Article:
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- Deferment and forbearance are sometimes used interchangeably, but they're not the same.
- If your mortgage is in forbearance and you've temporarily stopped making payments, deferment is one option for making up the missed payments.
- Deferment lets you delay repaying the overdue payments until the end of your loan term, so you can get back on your feet as you exit forbearance.
For homeowners facing tough times, it’s possible to postpone monthly payments and still keep your house through a process known as deferment. Deferring your mortgage payments is not the same as entering into a forbearance plan, though the two options are used interchangeably.
What is mortgage deferment?
Mortgage deferment is one option to handle repaying the payments you skip while your mortgage is in forbearance. It refers to an agreement between the lender and the borrower to add the overdue payments to the end of the loan term. This amount becomes payable — often in a lump sum — once the loan term ends, when you sell your home or if you choose to refinance to another mortgage. You should also know that the amount owed will not accrue interest.
Mortgage forbearance vs. deferment
It’s easy to confuse forbearance and deferment, but there’s a key difference between them. Simply put, if your mortgage goes into forbearance, you’ll need to have a plan to make up the payments that you missed during that period — and deferment is one of the options that might be available to you.
Forbearance is one of the most common means of relief for homeowners facing a short-term obstacle to paying their mortgage. When you put your mortgage into forbearance, you temporarily stop making monthly payments (or make lower payments) while you sort out whatever hardship has prevented you from paying. Mortgage payments are typically suspended for three to six months, but the time could be longer or shorter depending on your financial situation.
When the forbearance period ends, there are a few ways borrowers can repay the missed amount, one of which includes deferment. But before you can defer mortgage payments, your servicer will determine if you’re eligible based on how many payments you’ve missed and your potential to resume making payments.
How to qualify for mortgage deferment
So, how can you defer a mortgage payment (or payments) after forbearance ends? If you’re interested in this repayment option, consult with your servicer early on. Depending on your situation, you might not automatically qualify for this type of repayment structure, or your servicer might limit how many payments you can defer.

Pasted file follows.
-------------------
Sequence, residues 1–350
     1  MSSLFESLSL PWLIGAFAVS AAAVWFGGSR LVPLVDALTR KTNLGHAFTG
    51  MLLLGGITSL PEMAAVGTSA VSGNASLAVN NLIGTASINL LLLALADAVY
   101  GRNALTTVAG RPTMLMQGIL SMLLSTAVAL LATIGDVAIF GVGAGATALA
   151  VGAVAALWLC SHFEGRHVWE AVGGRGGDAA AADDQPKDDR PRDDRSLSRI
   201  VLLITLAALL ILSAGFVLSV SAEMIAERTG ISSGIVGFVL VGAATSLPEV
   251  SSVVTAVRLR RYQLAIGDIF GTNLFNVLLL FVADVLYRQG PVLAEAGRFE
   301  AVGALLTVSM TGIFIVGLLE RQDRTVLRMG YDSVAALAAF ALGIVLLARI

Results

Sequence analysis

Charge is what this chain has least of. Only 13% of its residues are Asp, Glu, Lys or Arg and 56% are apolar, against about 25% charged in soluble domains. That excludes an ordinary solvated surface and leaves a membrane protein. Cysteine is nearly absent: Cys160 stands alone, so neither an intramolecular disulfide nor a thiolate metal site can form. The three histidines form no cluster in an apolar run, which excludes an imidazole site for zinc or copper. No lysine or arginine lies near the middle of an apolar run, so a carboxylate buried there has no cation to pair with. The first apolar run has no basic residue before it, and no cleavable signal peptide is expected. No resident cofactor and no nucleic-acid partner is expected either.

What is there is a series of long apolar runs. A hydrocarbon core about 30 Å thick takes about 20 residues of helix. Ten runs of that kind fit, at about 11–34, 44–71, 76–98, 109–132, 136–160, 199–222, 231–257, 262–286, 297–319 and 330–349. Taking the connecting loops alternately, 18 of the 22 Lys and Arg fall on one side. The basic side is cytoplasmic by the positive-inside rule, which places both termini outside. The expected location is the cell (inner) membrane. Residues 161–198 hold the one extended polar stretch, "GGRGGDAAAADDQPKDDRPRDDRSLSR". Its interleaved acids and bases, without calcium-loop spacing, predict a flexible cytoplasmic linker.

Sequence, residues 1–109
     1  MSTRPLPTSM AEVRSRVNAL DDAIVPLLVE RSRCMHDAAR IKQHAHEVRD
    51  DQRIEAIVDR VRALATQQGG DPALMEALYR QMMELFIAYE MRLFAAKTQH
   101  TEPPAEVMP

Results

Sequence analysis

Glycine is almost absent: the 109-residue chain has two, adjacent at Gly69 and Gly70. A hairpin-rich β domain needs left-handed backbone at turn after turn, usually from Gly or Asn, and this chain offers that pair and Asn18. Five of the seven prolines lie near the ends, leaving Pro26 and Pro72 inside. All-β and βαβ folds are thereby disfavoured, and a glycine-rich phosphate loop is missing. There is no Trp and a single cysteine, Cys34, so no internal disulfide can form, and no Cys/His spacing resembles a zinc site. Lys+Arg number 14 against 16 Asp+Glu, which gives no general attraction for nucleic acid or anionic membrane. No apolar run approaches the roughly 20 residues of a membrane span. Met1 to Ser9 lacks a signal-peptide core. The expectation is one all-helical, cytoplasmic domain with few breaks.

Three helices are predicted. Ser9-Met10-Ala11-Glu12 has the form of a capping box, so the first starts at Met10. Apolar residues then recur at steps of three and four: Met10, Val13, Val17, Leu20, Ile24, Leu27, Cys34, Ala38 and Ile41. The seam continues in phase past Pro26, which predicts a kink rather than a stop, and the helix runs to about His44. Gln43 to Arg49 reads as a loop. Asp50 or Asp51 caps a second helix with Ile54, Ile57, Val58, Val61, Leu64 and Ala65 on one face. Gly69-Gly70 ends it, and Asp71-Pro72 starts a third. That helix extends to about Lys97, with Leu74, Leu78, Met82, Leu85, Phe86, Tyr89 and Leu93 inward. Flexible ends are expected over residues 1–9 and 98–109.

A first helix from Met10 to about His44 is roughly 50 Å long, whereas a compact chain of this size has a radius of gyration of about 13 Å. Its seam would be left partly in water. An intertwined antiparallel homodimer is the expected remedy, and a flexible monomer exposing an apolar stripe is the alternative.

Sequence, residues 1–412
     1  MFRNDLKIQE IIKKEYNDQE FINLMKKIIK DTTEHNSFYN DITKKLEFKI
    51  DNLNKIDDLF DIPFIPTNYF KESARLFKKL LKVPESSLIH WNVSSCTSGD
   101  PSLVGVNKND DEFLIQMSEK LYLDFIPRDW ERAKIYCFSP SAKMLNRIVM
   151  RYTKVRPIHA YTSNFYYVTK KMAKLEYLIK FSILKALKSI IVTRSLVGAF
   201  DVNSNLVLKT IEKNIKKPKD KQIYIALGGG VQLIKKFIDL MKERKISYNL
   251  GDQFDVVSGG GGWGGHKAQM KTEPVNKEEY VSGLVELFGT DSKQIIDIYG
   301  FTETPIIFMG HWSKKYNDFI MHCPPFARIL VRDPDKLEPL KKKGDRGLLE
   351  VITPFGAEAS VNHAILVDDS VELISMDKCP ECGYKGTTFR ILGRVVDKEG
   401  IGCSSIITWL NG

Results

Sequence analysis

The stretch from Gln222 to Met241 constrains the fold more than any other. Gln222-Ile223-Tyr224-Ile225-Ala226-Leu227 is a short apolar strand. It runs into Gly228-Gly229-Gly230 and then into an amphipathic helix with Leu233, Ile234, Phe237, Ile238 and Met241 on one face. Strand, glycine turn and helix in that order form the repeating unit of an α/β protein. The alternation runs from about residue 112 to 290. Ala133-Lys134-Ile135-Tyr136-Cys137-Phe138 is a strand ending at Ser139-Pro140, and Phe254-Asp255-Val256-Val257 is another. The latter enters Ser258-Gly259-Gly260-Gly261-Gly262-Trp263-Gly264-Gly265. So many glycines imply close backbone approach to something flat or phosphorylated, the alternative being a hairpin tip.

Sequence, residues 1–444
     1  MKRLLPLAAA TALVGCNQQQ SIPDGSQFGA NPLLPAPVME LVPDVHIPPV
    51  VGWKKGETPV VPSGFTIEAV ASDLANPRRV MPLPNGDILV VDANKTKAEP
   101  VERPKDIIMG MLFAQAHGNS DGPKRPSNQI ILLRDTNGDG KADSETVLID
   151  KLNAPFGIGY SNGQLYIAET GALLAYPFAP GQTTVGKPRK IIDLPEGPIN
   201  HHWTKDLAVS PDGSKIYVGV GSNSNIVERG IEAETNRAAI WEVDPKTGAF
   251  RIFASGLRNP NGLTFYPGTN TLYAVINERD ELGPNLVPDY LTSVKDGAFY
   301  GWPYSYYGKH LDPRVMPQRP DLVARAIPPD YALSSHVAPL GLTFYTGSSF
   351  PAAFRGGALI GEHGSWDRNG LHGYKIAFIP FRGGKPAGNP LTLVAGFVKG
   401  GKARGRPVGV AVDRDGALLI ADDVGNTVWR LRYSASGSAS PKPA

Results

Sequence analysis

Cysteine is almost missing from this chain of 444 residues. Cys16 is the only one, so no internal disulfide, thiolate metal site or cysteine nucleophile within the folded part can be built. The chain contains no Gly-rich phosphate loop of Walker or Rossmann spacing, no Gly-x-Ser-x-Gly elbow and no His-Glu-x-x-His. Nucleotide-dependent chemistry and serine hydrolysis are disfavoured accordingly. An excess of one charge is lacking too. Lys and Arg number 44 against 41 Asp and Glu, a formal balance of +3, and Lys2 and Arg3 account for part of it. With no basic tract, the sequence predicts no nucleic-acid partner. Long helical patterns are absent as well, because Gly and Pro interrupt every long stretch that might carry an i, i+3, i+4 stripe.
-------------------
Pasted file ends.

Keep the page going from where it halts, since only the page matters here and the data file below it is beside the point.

How to decide if deferment is right for you
A mortgage deferment after forbearance is generally a good course of action when you know your financial hardship is only temporary and you want to keep your home.
But you should be honest with yourself: Will you realistically be able to make up those deferred mortgage payments in a lump sum when the due date comes? If it’s unlikely, or if your financial woes are more long term, consider alternatives to deferment. These can vary by your loan type but may include asking for a loan repayment plan or a loan modification, the latter of which permanently reduces your monthly payment.
“If you’re in a difficult financial situation and you’ve exhausted pandemic forbearance, a deferment might be the best option,” says Bankrate analyst Jeff Ostrowski. “Homeowners struggling to pay the mortgage also want to consider selling. Home values in many areas are at or near record highs, and selling your home can give you a fresh start.”
Mortgage relief FAQ
In most cases, forbearance won’t count as a strike on your credit report; your lender or servicer will simply report the loan as current. Your repayment plan (deferment or otherwise) shouldn’t impact your credit, either, provided you repay on time.
Before agreeing to forbearance or any other form of relief, confirm with your servicer how the arrangement might affect your credit, and make sure you understand what you’re responsible for paying and when.
Will mortgage companies defer payments for all borrowers? No. So, if you don’t qualify for this type of repayment after forbearance, you can look into alternative repayment options, depending on what type of loan you have.
For VA and USDA loans, you may be able to start a repayment plan or loan modification, which gives you a longer loan term. With FHA loans, loan modification is another repayment option.
For conventional loans, your options may include reinstatement (where you repay all of your missed payments when your forbearance ends) and a repayment plan (where you can pay it back in installments). You might also be able to refinance your loan or apply for the Flex Modification program (FMP) to extend your loan term or lower your interest rate.